Monday, September 5, 2011

Domestic Violets

There is a new book making the rounds at the bookstore...DOMESTIC VIOLETS by Matthew Norman.


First J. read it, and she has been telling everyone to read it. "It's kind of like a Jonathan Tropper book," she told me. Who she knows I love. Tropper's books are funny, his main characters are in almost cataclysmically bad situations, and the main characters often don't make good life decisions. And they are very funny. Like THE BOOK OF JOE. In it, the main character has written a novel about a town, people and incidents he borrowed and borrowed heavily, from his own hometown, exposing secrets about residents and not casting them in a very favorable light. His novel is then made into a very popular movie. Joe has never intended to ever go home again...until his father has a stroke. As you can imagine, he is not welcomed back very warmly. It's great.

"It's like a Jonathan Tropper book," she said, "but this main character doesn't get into quite such awful situations, and some of it is kind of sweet. And insightful. You should read it," she told me.

And so I did.

One of the first things we learn about Tom Violet is that he is having problems with his penis. The first few pages being about penis problems put me off at first, not being as fascinated with that particular part of the male anatomy as so many men seem to be.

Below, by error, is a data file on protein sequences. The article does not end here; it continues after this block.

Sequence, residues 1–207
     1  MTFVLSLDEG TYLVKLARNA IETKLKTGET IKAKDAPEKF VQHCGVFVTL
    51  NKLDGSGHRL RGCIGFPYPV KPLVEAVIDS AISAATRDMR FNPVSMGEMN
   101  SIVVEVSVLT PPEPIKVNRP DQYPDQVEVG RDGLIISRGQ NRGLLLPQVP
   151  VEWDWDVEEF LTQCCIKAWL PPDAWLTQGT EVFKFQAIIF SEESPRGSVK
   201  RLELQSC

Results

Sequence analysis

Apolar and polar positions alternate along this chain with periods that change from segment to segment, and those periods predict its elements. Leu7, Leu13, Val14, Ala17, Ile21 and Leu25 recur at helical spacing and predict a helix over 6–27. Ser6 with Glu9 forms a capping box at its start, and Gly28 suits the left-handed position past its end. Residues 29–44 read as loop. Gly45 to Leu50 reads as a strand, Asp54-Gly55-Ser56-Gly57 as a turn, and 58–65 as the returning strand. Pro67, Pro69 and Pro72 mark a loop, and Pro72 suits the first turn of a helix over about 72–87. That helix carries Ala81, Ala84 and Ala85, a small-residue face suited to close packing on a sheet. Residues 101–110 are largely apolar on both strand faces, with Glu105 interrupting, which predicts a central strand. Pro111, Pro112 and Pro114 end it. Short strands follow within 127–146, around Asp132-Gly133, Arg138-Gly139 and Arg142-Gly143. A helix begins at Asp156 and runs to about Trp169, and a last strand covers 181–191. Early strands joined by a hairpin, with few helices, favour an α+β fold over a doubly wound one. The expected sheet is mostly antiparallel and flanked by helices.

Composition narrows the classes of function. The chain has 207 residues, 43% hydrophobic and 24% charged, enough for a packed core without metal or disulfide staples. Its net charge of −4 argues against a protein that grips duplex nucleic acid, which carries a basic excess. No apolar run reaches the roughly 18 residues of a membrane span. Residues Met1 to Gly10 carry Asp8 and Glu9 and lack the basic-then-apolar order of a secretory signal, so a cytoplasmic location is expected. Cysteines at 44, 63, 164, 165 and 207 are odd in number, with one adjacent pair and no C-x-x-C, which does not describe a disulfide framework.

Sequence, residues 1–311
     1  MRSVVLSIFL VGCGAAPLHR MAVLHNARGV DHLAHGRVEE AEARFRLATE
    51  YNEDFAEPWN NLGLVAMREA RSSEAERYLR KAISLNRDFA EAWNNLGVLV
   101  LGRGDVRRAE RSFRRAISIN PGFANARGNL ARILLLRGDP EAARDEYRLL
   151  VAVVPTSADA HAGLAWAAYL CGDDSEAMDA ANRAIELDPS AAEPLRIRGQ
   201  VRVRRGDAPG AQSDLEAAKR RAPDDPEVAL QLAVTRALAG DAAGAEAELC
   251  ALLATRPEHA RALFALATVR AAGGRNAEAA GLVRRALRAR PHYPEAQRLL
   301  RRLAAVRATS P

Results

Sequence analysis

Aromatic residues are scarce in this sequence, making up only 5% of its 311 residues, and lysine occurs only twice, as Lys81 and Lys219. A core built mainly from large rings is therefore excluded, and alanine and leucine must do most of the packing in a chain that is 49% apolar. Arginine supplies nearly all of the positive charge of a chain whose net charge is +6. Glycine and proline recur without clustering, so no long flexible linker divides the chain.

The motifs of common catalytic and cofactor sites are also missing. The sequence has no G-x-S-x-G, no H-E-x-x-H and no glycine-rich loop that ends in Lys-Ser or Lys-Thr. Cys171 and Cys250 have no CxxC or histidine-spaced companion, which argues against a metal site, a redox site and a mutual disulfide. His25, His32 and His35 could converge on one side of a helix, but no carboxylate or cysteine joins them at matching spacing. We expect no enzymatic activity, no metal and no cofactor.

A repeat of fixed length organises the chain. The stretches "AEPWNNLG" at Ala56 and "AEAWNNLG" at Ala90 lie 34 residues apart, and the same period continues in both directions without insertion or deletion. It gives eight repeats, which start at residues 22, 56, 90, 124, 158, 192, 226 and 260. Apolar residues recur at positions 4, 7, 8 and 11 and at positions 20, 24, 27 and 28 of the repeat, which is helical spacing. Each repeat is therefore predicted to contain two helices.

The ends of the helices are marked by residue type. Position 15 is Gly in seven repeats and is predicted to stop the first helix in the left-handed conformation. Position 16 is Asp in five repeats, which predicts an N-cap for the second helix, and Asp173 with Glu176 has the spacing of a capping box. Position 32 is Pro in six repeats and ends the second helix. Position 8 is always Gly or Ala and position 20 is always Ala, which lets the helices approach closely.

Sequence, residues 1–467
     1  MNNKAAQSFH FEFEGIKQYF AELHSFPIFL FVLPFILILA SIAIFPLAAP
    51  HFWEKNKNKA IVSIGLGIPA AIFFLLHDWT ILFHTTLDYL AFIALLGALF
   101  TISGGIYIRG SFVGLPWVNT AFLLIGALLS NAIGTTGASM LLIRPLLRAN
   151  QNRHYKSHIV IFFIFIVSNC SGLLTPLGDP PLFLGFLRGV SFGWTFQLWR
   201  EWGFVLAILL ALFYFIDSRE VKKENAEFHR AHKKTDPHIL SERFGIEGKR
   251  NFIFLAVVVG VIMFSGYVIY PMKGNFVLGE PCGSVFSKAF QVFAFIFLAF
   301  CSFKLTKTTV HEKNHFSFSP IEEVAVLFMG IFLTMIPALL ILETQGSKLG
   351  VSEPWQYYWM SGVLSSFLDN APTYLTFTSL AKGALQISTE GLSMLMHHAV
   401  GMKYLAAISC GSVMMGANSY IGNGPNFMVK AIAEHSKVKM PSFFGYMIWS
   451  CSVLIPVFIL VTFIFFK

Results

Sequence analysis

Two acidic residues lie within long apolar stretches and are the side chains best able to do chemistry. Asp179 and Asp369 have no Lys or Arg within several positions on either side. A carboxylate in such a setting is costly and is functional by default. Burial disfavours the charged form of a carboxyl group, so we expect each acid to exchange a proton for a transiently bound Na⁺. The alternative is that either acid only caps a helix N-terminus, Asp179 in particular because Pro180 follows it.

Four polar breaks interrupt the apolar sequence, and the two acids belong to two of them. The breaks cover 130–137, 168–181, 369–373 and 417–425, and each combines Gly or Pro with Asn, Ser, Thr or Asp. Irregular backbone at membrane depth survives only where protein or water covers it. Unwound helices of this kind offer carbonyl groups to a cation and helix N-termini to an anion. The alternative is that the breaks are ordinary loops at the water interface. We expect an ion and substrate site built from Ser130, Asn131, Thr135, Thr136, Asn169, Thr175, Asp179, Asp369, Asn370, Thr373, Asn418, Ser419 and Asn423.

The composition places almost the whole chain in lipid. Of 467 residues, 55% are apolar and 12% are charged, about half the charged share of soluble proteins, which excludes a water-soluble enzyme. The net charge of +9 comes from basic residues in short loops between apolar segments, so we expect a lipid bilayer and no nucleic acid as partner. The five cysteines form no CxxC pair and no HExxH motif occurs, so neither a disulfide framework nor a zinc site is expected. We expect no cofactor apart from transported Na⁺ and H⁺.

But I got past that. And I'm glad I did. Not only is Tom having problems with his manhood, he works as a copy-writer for a soul-sucking corporation. He is also a writer, whose father is an incredibly successful, Pulitzer-prize winning author, so living in THAT shadow has been hard. He also kind of has a crush on a co-worker, and his penis problems have precipitated problems in his marriage. Or his marriage problems precipitated his penis problems. Poor Tom.

DOMESTIC VIOLETS was not only a fun read, it kept me engaged, despite the penis troubles (and by the way? if you are having trouble reading this blog post because of the word "penis", then you probably want to pass on this book.) Some of the plot points were kind of predictable, but many weren't, and I really liked the ending. Good read!

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